There is Custer Hill and Custer Ridge along the Little Bighorn River, some of the landmarks of one of the more decisive U.S. military defeats. General George Custer made his last stand here, dying in battle against more than 2,000 warriors from Sioux, Northern Cheyenne and Arapaho tribes at the peak of the Great Sioux War of 1876-77.
The Battle at the Little Bighorn signifies the river around which this confrontation occurred, featuring warriors from a large Indian village and the 7th Calvary of about 700 men led by Gen. Custer. Custer and his scouts had underestimated the size of the village when the general decided to plan an attack where his five companies and more than 200 men would attack th camp from the north, while the other seven companies would split on the south, one group attacking from the south and the other stationed to the south to prevent Indians from escaping.
Custer had planned to cross the Little Bighorn River at Minneconjou Ford, which was a group of ravines, hills and bluffs just to the north of the river, but was considered advantageous high ground. But things got complicated when Major Reno and his detachment was working through the trees on its way to its southern attack position.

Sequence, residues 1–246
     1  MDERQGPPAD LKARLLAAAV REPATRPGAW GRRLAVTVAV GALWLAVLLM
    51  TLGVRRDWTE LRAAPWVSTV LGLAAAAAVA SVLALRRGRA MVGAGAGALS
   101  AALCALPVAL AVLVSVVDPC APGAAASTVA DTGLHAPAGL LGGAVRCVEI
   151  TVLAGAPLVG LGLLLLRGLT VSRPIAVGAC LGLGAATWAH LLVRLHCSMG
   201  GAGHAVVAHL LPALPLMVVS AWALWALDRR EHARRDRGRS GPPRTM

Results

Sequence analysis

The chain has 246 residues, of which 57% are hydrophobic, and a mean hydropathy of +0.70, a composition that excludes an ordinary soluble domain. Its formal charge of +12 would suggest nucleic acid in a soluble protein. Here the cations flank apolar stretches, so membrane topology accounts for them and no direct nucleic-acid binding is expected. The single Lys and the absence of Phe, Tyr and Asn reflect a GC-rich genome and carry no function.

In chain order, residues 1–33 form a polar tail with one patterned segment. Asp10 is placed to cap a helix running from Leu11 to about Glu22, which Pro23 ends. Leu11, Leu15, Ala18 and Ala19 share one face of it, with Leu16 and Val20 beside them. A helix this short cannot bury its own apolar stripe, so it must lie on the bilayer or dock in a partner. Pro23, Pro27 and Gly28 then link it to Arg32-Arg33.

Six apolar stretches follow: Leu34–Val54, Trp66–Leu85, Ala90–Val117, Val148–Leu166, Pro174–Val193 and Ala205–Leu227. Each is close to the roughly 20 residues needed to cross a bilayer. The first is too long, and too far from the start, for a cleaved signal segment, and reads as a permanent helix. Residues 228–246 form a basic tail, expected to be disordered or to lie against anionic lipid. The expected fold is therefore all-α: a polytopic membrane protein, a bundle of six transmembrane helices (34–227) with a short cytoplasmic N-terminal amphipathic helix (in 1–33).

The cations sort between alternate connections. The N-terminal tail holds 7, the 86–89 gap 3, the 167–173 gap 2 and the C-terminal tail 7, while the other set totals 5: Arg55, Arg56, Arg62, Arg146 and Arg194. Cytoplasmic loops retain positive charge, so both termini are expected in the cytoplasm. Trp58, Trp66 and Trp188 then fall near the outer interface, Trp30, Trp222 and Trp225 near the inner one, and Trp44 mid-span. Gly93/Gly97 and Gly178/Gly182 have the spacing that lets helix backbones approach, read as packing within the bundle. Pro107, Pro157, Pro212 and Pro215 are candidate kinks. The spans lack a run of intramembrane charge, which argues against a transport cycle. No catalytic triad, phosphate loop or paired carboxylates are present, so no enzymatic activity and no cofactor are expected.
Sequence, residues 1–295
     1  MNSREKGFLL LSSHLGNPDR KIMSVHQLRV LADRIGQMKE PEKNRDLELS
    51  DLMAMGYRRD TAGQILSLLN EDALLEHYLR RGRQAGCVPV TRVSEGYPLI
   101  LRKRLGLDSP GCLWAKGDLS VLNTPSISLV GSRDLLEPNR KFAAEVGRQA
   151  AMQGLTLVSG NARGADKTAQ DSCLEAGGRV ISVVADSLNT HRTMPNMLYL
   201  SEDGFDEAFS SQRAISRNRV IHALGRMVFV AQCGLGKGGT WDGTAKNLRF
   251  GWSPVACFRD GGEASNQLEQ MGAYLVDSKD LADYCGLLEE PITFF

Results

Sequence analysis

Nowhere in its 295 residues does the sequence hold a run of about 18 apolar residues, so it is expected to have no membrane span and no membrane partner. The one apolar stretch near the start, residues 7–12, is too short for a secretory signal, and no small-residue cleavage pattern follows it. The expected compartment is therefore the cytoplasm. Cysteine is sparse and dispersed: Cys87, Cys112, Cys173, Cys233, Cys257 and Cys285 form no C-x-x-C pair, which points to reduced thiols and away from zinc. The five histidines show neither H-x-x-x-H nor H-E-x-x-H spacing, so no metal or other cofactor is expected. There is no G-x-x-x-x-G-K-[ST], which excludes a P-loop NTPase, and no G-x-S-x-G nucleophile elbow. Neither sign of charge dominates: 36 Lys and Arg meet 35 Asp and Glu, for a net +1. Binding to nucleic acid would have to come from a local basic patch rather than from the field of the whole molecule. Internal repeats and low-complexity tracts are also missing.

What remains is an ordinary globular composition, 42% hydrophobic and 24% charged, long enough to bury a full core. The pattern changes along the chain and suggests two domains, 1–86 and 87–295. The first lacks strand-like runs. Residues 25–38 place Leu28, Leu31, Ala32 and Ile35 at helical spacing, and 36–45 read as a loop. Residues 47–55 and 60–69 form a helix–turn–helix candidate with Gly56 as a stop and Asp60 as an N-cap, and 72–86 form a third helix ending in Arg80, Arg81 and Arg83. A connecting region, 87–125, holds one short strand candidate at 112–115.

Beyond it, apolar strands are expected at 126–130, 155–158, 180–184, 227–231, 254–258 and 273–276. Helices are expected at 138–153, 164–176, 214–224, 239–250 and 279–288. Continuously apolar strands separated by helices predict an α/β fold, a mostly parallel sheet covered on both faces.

Reno wound up getting trapped in the trees, as he stopped his advance toward the village, thinking that he was leading his group into a trap. He kept his companies in among the trees as some warriors found their way into the woods to hold off Reno’s forces. With the soldiers pinched in, the warriors turned their attention to Custer on the ridge at Minneconjou Ford.
On his second attempt to cross the river, Custer was trapped on the ridge by warriors who were coming from the north, and those which had stalled Reno’s advance from the south and east. While Custer was at the high ground, his group of about 200 men was far outnumbered. Reno’s men who escaped the woods were able to scramble to the top of the ridge to provide some help to Custer’s forces, but it only took about 30 minutes for Custer’s Last Stand to be over. Custer was shot off his horse and died in the battle, and about 275 soldiers died – including Custer and three of his family members – and another 55 were wounded.
The actual details of the battle are still in dispute, as to whether Custer was launching an attack when he was killed, or whether he was trying to execute a retreat. Those who knew about Custer’s career suggest that he was attacking based on his aggressive nature, while some of the evidence and recollections from interviews seem to suggest that Custer was retreating because he was outnumbered and was hoping to get his men out of the area to fight another day.
In the end, Custer lost five of the 12 companies under his command, making it one of the more humiliating defeats on U.S. soil in U.S. military history. But it was the last significant win by American Indians over the next 10 years.